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A trial comparing surgery, conventional radiotherapy and stereotactic radiotherapy for localised prostate cancer (PACE)
This trial is looking at a type of radiotherapy called stereotactic radiotherapy and comparing it with either conventional radiotherapy or surgery. It is for men who have been diagnosed with prostate cancer that has not grown outside the prostate gland (localised prostate cancer). The trial is supported by Cancer Research UK.
More about this trial
If prostate cancer is diagnosed before it has spread outside the prostate gland, there are several treatment options including surgery to remove the prostate gland, external radiotherapy and internal radiotherapy (brachytherapy). Some men may now also be offered a new way of having external radiotherapy called stereotactic radiotherapy. You have stereotactic radiotherapy over a shorter period of time than conventional radiotherapy.
All of the treatments listed above work well, but doctors don’t know if one is better than the other or which one has the fewest side effects.
In this trial, some men will have keyhole surgery to remove the prostate gland (laparoscopic prostatectomy), some will have conventional radiotherapy and some will have stereotactic radiotherapy.
The aim of the study is to compare the different treatments to find out
- How long men live after each treatment without any sign of their cancer coming back
- More about the side effects of each treatment
Who can enter
You may be able to enter this trial if you
- Have been diagnosed with prostate cancer by having a prostate biopsy during which the doctor was able to take at least 10 samples from your prostate gland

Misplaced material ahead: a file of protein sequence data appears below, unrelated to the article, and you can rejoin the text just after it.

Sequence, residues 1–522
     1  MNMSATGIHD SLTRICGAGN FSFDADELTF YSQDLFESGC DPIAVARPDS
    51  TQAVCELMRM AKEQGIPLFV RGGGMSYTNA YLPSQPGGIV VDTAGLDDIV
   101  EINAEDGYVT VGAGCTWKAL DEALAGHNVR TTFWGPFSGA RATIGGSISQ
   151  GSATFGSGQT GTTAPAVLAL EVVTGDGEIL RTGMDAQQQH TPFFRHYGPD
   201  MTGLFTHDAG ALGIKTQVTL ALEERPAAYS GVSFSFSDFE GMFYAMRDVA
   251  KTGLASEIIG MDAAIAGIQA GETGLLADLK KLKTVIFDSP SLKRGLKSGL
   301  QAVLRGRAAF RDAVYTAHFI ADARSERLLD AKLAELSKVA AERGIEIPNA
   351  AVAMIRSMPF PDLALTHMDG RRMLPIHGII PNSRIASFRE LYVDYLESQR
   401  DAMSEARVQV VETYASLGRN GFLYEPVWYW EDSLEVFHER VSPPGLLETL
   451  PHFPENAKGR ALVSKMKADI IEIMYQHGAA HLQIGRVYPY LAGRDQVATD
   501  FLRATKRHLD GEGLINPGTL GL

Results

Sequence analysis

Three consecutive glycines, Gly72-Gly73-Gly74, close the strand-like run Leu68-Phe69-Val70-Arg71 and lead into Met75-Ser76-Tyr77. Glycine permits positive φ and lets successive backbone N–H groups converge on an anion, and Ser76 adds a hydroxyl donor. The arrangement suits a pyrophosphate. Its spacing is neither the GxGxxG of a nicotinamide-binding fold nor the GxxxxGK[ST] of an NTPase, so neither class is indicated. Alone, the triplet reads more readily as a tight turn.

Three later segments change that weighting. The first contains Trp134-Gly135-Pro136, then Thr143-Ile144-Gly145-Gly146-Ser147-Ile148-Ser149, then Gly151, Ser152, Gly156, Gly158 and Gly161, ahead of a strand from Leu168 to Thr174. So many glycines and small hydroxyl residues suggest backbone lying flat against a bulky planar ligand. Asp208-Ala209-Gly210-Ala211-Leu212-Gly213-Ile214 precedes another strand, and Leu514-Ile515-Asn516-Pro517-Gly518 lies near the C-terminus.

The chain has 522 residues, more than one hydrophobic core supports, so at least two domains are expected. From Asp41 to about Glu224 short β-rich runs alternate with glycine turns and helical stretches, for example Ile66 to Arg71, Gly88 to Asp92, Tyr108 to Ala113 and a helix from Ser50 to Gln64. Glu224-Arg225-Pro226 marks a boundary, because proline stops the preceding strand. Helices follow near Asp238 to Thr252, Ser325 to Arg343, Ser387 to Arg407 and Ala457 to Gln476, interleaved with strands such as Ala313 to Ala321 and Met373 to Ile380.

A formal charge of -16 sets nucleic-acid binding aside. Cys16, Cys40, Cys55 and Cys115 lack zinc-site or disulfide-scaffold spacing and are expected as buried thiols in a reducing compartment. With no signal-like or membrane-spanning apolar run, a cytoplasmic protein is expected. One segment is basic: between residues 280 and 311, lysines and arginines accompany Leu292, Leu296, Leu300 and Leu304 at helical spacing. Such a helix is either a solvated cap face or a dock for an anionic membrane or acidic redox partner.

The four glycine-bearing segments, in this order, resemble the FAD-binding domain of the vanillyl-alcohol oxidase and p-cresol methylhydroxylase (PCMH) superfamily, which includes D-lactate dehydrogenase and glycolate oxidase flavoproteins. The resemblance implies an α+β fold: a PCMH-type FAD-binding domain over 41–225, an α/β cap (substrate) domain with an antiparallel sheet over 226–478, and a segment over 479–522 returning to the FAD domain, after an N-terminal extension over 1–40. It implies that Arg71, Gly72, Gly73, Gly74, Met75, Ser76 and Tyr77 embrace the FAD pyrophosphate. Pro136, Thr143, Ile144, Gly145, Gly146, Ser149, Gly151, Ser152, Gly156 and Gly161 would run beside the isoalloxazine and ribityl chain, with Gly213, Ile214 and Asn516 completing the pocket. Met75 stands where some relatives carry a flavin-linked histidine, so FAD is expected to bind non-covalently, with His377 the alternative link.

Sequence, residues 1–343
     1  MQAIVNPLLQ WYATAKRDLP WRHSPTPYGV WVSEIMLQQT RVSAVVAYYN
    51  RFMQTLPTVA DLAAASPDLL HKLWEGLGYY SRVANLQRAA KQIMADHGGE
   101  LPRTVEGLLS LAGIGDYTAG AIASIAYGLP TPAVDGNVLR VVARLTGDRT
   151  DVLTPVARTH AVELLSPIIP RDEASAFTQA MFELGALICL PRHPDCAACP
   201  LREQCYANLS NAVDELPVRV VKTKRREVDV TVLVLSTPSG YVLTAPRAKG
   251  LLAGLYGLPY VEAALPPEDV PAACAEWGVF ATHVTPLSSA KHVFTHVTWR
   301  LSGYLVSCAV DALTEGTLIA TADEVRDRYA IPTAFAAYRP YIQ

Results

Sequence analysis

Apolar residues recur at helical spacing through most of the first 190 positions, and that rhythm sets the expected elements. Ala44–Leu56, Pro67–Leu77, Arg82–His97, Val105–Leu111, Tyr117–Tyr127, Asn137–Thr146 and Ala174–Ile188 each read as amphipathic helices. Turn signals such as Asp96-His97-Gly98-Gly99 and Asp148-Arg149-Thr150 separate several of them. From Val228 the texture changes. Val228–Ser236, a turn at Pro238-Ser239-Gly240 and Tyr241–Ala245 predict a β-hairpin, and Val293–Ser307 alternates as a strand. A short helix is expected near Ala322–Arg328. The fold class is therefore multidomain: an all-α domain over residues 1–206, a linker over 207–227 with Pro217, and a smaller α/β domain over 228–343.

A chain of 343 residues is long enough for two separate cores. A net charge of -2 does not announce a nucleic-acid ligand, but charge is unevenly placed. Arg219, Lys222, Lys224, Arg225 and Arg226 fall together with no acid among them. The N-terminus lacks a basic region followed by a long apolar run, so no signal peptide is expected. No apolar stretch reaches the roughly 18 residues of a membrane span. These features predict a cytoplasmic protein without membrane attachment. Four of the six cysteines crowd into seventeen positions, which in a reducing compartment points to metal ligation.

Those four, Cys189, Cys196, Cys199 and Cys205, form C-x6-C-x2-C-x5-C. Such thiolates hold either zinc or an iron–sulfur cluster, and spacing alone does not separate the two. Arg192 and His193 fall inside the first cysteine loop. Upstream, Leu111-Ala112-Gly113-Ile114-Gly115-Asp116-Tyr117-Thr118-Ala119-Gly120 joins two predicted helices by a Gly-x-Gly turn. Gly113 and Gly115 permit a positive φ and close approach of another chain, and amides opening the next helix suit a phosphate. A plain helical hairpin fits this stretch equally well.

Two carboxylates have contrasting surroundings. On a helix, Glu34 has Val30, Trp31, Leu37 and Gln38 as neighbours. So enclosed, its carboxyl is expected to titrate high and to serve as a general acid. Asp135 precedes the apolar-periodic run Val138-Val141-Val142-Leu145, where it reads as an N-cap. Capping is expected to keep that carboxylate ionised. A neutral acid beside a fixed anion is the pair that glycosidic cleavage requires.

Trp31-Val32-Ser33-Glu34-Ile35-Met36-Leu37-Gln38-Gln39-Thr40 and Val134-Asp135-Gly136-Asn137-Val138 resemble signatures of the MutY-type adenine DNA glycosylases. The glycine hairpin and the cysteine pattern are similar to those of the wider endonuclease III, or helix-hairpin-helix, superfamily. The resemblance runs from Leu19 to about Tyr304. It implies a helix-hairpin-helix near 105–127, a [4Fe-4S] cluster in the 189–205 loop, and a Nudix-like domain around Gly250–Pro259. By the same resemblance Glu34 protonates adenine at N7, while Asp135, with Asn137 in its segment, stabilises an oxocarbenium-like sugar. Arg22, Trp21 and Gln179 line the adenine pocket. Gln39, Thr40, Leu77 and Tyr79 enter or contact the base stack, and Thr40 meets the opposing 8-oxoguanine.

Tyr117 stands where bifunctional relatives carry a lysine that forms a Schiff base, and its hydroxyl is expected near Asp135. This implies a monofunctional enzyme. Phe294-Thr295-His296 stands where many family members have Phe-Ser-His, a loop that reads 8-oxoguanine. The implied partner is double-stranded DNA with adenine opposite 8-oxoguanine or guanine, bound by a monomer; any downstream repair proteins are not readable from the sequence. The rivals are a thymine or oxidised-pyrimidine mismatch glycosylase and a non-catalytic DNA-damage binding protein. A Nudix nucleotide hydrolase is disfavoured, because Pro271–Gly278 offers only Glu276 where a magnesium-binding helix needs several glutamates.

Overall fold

- Have cancer that is completely contained within your prostate gland (stage T1or T2) and has not spread to
lymph nodesnearby or to other parts of your body
- Have a Gleason score that is no more than 3+4 (your doctor can advise you about this)
- Have a
PSA levelof no more than 20 and your doctors think your cancer is low or intermediate risk
- Are well enough to be up and about for at least half the day (performance status 0, 1 or 2)
- Are at least 18 years old
You cannot enter this trial if you
- Have had any other type of cancer in the last 2 years apart from non melanoma skin cancer
- Have already had radiotherapy to the area between your hip bones (your
- Have already had hormone therapy
- Have had any other type of treatment for prostate cancer
- Have had both your hips replaced or have had any other type of medical implant that could affect a CT scan
- Have any other medical condition that means your doctors would not recommend you have radiotherapy
- Are having treatment for prostate cancer as part of another clinical trial
This phase 3 trial aims to recruit more than 1,700 men with localised prostate cancer. It is a randomised trial. The men taking part are put into treatment groups by a computer. Neither you nor your doctor will be able to decide which group you are in.
Before you agree to join the trial, your doctors will have discussed the different treatment options available to you.